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The Edinburgh Companion to Shakespeare and the Arts$
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Mark Thornton Burnett and Adrian Streete

Print publication date: 2011

Print ISBN-13: 9780748635238

Published to Edinburgh Scholarship Online: March 2012

DOI: 10.3366/edinburgh/9780748635238.001.0001

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Shakespeare and Opera

Shakespeare and Opera

Chapter:
(p.142) 8 Shakespeare and Opera
Source:
The Edinburgh Companion to Shakespeare and the Arts
Author(s):

Adrian Streete

Publisher:
Edinburgh University Press
DOI:10.3366/edinburgh/9780748635238.003.0009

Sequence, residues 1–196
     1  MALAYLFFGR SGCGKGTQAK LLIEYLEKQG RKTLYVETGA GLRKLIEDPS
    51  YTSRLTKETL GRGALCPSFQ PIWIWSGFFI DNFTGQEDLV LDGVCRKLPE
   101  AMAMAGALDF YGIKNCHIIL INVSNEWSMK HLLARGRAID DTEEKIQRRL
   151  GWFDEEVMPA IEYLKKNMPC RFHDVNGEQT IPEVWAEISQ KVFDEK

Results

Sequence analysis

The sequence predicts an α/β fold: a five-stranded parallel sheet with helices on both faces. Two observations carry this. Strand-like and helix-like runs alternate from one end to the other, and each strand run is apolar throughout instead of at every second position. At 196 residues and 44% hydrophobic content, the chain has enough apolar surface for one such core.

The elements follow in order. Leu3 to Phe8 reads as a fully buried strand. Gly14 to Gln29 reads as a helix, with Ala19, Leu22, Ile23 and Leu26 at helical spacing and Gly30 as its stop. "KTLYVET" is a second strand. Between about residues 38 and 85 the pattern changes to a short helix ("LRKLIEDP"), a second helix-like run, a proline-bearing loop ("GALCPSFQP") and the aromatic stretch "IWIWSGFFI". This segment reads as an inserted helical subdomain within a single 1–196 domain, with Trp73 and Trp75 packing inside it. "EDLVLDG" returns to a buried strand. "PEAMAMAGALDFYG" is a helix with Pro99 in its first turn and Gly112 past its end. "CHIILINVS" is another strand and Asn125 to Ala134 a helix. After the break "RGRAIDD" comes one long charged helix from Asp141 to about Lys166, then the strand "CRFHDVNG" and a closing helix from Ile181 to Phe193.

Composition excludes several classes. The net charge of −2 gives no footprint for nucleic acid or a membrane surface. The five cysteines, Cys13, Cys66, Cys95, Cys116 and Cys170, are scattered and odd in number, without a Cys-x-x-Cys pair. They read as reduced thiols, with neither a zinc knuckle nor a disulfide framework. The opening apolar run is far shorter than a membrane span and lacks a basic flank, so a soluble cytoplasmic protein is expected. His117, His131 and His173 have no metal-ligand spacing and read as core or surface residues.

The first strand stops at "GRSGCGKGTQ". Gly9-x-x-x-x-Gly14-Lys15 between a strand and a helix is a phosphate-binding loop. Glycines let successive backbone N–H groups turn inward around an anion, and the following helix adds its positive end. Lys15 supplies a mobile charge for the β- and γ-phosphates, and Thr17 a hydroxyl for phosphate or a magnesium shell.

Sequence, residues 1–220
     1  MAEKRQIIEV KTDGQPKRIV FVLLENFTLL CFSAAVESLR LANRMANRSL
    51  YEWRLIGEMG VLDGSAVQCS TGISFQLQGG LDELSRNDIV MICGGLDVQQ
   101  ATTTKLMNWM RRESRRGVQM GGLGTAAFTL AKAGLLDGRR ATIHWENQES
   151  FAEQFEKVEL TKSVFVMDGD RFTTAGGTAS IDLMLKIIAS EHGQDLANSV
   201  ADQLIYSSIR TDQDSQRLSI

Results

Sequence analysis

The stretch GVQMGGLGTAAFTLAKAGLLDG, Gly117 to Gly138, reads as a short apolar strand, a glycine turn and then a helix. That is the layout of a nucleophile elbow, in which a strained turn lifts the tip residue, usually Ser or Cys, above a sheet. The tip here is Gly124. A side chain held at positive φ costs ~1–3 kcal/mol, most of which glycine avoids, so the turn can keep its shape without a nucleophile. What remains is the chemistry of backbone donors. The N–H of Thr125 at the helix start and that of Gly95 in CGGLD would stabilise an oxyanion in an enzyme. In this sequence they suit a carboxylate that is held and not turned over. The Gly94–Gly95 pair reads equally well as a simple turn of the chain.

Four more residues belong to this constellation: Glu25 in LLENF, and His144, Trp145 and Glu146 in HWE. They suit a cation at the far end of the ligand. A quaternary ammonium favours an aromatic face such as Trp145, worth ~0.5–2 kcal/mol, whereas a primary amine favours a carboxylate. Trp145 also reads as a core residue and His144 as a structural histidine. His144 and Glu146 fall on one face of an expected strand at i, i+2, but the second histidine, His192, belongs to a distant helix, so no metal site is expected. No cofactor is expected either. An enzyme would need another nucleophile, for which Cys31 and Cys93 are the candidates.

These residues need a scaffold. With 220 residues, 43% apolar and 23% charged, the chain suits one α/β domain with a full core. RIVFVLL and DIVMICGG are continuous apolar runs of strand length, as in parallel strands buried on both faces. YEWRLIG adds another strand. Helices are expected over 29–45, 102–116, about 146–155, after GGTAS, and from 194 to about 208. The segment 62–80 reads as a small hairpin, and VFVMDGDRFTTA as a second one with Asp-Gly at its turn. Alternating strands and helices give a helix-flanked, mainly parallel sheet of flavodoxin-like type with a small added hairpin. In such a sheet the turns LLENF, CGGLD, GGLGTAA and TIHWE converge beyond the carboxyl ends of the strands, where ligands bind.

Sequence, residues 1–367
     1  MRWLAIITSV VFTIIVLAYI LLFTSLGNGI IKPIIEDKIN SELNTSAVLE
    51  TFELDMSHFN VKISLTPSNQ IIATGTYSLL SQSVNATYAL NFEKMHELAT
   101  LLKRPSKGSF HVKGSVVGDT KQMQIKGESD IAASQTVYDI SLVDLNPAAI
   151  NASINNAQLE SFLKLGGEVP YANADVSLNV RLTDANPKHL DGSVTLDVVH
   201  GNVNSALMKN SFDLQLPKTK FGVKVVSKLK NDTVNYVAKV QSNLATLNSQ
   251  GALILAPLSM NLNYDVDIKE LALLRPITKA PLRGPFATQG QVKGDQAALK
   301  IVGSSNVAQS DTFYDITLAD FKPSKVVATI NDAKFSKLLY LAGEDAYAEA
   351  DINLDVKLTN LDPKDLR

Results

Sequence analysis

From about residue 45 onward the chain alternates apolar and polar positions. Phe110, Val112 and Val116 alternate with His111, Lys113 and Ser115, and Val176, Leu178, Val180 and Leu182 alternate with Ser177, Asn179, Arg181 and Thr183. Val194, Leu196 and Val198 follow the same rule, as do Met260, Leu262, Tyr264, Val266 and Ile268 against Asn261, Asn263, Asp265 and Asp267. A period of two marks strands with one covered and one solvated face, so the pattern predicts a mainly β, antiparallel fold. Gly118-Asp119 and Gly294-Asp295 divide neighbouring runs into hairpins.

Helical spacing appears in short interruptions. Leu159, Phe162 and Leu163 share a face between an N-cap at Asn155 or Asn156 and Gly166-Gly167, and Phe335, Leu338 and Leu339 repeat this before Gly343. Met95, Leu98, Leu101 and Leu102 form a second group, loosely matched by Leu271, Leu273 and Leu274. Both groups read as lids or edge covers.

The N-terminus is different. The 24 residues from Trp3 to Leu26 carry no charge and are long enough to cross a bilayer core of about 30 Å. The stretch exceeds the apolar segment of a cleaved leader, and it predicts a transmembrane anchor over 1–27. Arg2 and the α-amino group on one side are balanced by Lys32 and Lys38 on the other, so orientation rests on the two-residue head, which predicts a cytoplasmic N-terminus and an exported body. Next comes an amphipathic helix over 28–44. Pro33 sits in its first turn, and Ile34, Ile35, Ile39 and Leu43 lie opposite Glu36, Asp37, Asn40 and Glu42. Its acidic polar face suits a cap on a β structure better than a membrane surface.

This chapter reports that both Hector Berlioz and Giuseppe Verdi were dominant presences in the European obsession with opera in the nineteenth century. An analysis of some complex confluences of Shakespearean history, politics and performance is presented. The chapter then explores in detail the genesis and first performances of Otello. Some of the major recorded interpretations of the role of Otello during the twentieth century are reviewed. It also shows that the performance history of Otello is as contested and complex as the original play upon which Verdi and his team of collaborators drew. Today, the world's opera houses offer only one of many outlets for operatic performances. There are any number of iconic singers whose interpretations of the canonical Shakespearean operas either on recordings or on film deserve wider exposure and further examination beyond the remit of classical music and opera scholars.

Keywords:   Shakespearean operas, Shakespeare, Hector Berlioz, Giuseppe Verdi, Otello, opera houses, Shakespearean history, politics

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